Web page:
Tips on Proper Pizza Reheating
What if, by some miracle, not all of the pizza was devoured after dinner? Some would say eating it cold is the way to go. Despite it being a mere shadow of its former self, cold pizza is still pizza; a gift from the gods of gastronomy when they took pity on us mere mortals and then blessed us with this divine dish. And it still fills you up.
But what if you want to feel the hot cheese on your tongue? Hear the crunch of the crust as you bite down? See the grease dripping off the tip just as you finished heating? Reheating it would pop into your mind. But using what? Oven? Microwave? Or something else? Here are some tips on turning your succulent slices back to their former glory.
First method: Oven
First up is the oven method. If you search on the internet on how to heat up pizza using your oven, there are going to be a lot of answers. Some also debate on whether to use foil or not, or a baking tray. But when it’s regarding heat and duration, most will say it should be at 270 to 400 degrees Fahrenheit (or 132 to 204 degrees Celsius) and you should let it sit in the oven for about five to 10 minutes.
After that, you take it out, put it on a plate, and enjoy. The pizza will be warm, crispy and the juices and flavors will come bursting out again. For many, this is a viable option. However, a downside is that for a lot of people, it still takes up way too much time and preparation.
Second method: Microwave
Now for a lot of people this is the default method because of it being the easiest and most convenient. No need for any preheating or preparation—just grab the cold pizza, stick it in the microwave, and then when it’s done, enjoy. However, as everyone who has tried this method can attest to, it’s not exactly the best way to reheat pizza. A lot would probably set the microwave at full blast and then set it for 30 seconds to a minute, and then see a sort of wet rubbery mess. It’s still pizza though, and one of the axioms of life is that pizza tastes good.
However, there are also alternative processes when using a microwave. A popular approach is keeping a paper towel between the pizza and the plate. The paper towel will absorb the moisture and keep your pizza from turning into soup. Also, the heat setting should be at around half-power and cooked for a minute to a minute and a half. But despite this it will still come out somewhat soggy and rubbery. A far cry from what the texture and taste originally was.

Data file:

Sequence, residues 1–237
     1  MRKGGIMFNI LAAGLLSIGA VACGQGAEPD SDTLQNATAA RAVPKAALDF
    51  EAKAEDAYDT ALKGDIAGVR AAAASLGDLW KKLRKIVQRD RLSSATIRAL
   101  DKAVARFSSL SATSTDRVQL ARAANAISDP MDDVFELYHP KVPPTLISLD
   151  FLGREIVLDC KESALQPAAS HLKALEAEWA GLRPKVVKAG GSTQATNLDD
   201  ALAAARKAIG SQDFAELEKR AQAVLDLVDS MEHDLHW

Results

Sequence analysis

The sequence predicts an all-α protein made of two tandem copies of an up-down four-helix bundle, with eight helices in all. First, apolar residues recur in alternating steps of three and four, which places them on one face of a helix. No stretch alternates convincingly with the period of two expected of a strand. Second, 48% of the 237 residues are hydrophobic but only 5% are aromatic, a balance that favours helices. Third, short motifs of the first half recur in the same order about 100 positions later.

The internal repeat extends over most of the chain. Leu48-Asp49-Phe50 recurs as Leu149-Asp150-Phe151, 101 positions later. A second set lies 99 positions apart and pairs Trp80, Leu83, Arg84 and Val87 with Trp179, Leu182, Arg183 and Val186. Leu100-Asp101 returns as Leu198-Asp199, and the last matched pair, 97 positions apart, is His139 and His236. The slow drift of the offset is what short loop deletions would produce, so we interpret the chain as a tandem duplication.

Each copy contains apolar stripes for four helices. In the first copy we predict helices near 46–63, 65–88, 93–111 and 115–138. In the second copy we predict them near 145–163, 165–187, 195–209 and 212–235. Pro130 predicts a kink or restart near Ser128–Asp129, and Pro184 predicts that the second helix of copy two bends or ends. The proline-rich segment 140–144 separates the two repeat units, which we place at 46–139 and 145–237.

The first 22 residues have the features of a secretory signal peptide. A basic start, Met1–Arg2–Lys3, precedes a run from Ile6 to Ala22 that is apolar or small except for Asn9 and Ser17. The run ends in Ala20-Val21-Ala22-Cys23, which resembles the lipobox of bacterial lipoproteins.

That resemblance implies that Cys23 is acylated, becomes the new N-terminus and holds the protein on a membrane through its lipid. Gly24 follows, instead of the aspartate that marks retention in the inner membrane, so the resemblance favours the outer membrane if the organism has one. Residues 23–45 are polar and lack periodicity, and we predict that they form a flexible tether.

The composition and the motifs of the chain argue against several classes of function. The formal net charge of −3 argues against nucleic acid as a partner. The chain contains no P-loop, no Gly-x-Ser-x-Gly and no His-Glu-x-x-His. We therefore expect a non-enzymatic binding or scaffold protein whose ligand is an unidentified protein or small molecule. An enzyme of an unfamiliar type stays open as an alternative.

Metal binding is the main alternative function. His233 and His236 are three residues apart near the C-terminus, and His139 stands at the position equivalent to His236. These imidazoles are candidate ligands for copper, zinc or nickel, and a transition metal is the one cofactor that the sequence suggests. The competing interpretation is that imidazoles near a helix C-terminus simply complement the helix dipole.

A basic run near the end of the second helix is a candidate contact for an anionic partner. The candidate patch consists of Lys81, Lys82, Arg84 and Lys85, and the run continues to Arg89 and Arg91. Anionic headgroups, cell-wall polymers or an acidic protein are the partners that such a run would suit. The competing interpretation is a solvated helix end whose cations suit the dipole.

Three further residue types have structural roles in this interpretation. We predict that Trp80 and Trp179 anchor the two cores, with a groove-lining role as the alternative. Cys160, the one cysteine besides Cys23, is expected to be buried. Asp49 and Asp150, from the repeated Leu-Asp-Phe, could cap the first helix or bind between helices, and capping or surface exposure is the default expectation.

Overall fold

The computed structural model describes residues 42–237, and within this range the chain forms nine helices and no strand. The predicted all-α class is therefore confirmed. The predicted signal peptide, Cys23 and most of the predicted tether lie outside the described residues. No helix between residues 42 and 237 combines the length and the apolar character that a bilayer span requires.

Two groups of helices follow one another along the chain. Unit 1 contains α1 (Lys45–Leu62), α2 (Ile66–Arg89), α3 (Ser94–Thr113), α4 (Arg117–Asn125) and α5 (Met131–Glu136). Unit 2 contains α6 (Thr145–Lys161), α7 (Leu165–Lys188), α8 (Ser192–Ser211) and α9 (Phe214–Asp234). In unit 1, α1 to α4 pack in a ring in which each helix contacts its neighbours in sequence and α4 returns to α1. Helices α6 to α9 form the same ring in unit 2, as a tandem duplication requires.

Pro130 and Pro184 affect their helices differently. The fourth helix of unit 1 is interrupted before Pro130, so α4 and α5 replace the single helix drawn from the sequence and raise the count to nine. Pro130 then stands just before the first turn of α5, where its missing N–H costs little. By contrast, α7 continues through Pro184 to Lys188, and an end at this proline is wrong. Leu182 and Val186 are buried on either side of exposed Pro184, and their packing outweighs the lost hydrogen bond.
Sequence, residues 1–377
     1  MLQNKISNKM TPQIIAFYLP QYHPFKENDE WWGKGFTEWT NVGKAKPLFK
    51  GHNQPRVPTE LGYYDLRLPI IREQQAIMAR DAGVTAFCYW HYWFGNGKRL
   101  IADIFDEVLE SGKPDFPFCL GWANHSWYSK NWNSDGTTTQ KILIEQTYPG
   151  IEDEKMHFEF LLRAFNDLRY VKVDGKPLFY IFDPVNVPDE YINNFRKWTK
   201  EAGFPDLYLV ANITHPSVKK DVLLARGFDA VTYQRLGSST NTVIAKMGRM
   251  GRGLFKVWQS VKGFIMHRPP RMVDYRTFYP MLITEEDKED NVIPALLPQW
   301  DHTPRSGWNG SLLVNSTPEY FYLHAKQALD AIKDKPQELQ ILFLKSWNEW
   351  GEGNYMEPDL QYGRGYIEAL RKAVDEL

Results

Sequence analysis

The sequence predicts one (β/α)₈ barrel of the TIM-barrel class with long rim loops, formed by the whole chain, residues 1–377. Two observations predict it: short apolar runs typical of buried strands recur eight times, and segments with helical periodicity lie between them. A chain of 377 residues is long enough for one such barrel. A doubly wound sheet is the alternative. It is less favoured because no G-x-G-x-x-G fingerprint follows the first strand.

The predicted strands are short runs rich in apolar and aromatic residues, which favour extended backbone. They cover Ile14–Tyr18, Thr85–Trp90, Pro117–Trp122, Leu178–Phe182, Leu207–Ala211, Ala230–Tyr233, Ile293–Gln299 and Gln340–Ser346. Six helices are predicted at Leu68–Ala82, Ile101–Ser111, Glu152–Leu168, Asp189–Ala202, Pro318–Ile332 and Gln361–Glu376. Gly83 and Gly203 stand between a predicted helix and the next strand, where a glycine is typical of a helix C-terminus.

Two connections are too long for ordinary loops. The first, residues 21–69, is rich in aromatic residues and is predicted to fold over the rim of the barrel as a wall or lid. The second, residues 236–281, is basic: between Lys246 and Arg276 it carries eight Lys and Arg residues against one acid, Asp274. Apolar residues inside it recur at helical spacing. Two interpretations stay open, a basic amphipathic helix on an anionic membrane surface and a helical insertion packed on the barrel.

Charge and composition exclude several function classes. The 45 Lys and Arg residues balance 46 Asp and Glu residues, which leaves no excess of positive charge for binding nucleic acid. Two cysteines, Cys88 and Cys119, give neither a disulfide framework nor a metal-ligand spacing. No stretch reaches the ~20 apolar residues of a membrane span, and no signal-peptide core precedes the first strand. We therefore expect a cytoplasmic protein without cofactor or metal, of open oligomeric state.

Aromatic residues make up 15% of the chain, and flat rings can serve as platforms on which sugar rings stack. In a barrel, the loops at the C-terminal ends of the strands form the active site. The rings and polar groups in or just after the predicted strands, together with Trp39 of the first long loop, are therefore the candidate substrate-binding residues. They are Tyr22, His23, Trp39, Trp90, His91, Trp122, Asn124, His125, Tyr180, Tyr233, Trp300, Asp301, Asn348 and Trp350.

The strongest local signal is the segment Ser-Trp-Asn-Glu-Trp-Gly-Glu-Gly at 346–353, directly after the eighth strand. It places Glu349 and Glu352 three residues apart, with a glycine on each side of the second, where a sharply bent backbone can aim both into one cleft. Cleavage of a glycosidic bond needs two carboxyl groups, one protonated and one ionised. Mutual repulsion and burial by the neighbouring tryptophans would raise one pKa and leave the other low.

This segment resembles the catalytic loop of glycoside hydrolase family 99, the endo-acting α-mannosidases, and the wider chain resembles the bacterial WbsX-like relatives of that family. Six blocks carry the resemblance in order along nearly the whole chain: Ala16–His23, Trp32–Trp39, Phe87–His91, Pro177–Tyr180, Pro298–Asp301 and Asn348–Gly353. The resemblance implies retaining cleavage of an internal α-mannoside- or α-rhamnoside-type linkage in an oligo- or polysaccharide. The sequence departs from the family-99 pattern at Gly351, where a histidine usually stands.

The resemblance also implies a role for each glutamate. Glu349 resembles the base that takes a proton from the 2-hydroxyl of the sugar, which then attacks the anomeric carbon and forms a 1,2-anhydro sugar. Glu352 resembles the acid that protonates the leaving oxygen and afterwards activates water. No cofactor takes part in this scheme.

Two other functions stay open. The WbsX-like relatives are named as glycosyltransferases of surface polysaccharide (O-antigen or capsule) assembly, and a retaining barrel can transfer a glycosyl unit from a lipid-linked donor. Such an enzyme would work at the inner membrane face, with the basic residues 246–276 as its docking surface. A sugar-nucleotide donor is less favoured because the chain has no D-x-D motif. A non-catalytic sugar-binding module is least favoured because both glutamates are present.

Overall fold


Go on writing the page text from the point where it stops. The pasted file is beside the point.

The third method: Skillet
This method is widely accepted as being the best one. To do this, you put the skillet on the stovetop and then set the temperature to mid-heat. Let it warm up for a few minutes, and then throw in the pizza bottom side down.
This is the most crucial step. After about two minutes, or until the bottom is crispy, pour in a couple of drops of water away from the pizza to let out some steam, and then put on a lid, or if a lid isn’t available, some foil. Set the temperature a bit lower, then let it steam for about a minute or two, or until the cheese is bubbling. And voila! You have brought your pizza back from the grave. You will find that your outside of the crust is crunchy whilst still being moist and soft on the inside, and the cheese is just a wonder to behold.
After all is said and done, pizza is still pizza. It will still taste good whether it be cold and dry, or wet and rubbery, and most people will still enjoy it. Even when heating some leftover pizza, it will depend on what the situation is. Obviously if you were at the office, most would not have the luxury of busting out a skillet and then using that method. Or if you just want to eat your food ASAP and you don’t mind if it’s a bit soggy, microwaving it would be the way to go. But no matter what your preferred process is, all will agree and be thankful whenever an extra slice of pizza is available, be it fresh from the oven or cold as a grave.